Potatoes for oysters
All over the world wet ecosytems like mangroves, marshes, coralreefs, coasts, are playing an important role in keeping the local nature in balance. This is common knowledge, but still many of these ecosystems are disappearing or degraded. People are trying to restore these ecosystems, but usually not very successful . It is so difficult because these ecosystems depend very much on feedback of key species. A typical chicken-and-egg-problem.
The potatoe and the oyster
Have you heard the one about the potato and the oyster? It’s not a joke, but a game-changing technology — a three-dimensional grid made from potato starch — that has the potential to help reverse the decline of the world’s oyster reefs: .Biodegradable EcoSystem Engineering Elements (BESE) is already making waves in the world of coastal conservation.
Most of us know them only as delicacy– so delicious they have been compared to angels dancing on your tongue. But coastal conservationists see the oyster in an entirely different light.
“It’s the quiet, unsung hero of our estuaries,” says Anne Birch, (Marine Program Manager for The Nature Conservancy in Florida). In many places around the world, including Florida, oyster reefs play a vital role in keeping our coasts healthy. Muddy and sharp, these reefs might not be much to look at, but they improve water quality, with each oyster filtering up to 50 gallons per oyster per day. They provide nursery areas, food and shelter for countless species such as fish, crabs, shrimp and birds. They stabilize shorelines. And yes, oysters are also an economic boon, bringing upwards of $10 million into Florida alone. “I can think of few other species that combine such great ecological and economic benefits,” says Birch.
The problem is that, as vital as they are, oyster beds are in serious decline. Over the last two centuries, 85% of the world’s oyster habitat has disappeared. Coastal run-off, natural predators, disease and over-harvesting have taken a toll. Oyster reefs that once grew 100 feet deep in some areas have been all-but eradicated by oyster dredges. “The health of our estuaries hangs in the balance,” says Birch. “The importance of restoring oyster reefs cannot be over emphasized.”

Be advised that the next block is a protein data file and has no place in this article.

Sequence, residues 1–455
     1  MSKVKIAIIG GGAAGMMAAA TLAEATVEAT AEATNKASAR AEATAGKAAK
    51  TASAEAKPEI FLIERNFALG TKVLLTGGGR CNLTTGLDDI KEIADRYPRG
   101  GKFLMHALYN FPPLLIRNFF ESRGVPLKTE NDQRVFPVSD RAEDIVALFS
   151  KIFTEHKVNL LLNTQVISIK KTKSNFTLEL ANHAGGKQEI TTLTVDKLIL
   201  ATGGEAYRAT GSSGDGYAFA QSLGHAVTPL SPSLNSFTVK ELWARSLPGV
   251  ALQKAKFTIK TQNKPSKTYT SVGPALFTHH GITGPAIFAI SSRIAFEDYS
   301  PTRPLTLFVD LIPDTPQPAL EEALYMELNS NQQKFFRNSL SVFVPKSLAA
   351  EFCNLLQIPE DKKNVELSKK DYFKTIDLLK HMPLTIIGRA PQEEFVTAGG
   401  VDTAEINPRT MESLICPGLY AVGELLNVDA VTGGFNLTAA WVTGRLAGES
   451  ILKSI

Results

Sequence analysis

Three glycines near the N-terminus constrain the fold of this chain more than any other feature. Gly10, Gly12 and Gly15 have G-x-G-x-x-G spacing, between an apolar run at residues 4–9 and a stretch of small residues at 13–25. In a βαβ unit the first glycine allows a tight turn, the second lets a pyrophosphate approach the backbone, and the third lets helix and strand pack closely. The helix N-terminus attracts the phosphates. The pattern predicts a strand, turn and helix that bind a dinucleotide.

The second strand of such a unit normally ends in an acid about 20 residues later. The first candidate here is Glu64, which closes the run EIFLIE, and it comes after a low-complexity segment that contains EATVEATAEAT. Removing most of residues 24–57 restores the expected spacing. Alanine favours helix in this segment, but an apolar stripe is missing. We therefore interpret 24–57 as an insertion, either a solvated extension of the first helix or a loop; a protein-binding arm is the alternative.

Birch has been a part of the solution since 2005 when she began managing the Conservancy’s Indian River Lagoon Restoration project. Charged with replenishing the lagoon’s oyster reefs, she was struck by the community support she received. “Until then I had no idea how charismatic oysters are. In the seven years I worked in the lagoon,” she remembers, “we attracted over 25,000 volunteers. Adults, school children, the disabled… people from all walks of life and abilities came out to help replenish the lagoon’s oyster beds, making and deploying oyster mats .”
And this is where BESE fits in. Oysters – and mussels – need hard surfaces on which to settle and grow. Many oyster restoration projects use plastic oyster mats or bags filled with oyster shells, or loose fossilized shells as the substrate (foundation) for new reefs.
“When we were asked if we would be interested in adding BESE
elements as a new method,” explains Birch. “Interested? You bet we were. We had it in the water less than two months later.”
Better than plastic
Why are Birch and other marine conservationists so excited about BESE?. Made from the byproduct in potato chip manufacturing, BESE elements have clear ecological benefits over the traditional forms of plastic substrate. It’s a three-dimensional solid grid (similar in design to an egg carton) that snaps together into sheets. It’s not labor intensive. It doesn’t leach chemicals. It’s digestible and, best of all, it biodegrades in 5 to 10 years (depending on the glue used to bind the potato starch). “It’s the ideal starter kit for an oyster reef,” she enthuses.
“It could be a miracle solution,” agrees Dr. Christine Angelini, a professor of Environmental Engineering Sciences at the University of Florida, who is working with the Conservancy in Charlotte Harbor. This and three other test sites in Florida will show which variables — high or low tidal zone, temperature, salinity, prevalence of seabirds and fish, etc.– produce the best results. “The results could have a big impact on all forms of coastal conservation,” she continues. “Today so much of the work relies on plastic. How much better would it be if we could substitute it with a biodegradable material that leaves nothing but nature behind.”
Now this is where things get really interesting. If BESE works for oyster beds, maybe with the proper adaptions, it could take the place of plastic in all sorts of coastal and deep-water applications. If it can be tailored to suit different applications, then its potential is enormous. BESE could take the place of PVC piping in mangrove planting. It could provide a stabilizing framework for growing sea grass. It could be used as a structure for coral reef restoration. Bags made of BESE could be weighted down in intertidal areas to reinforce shorelines.
Mussels growing on BESE in the Netherlands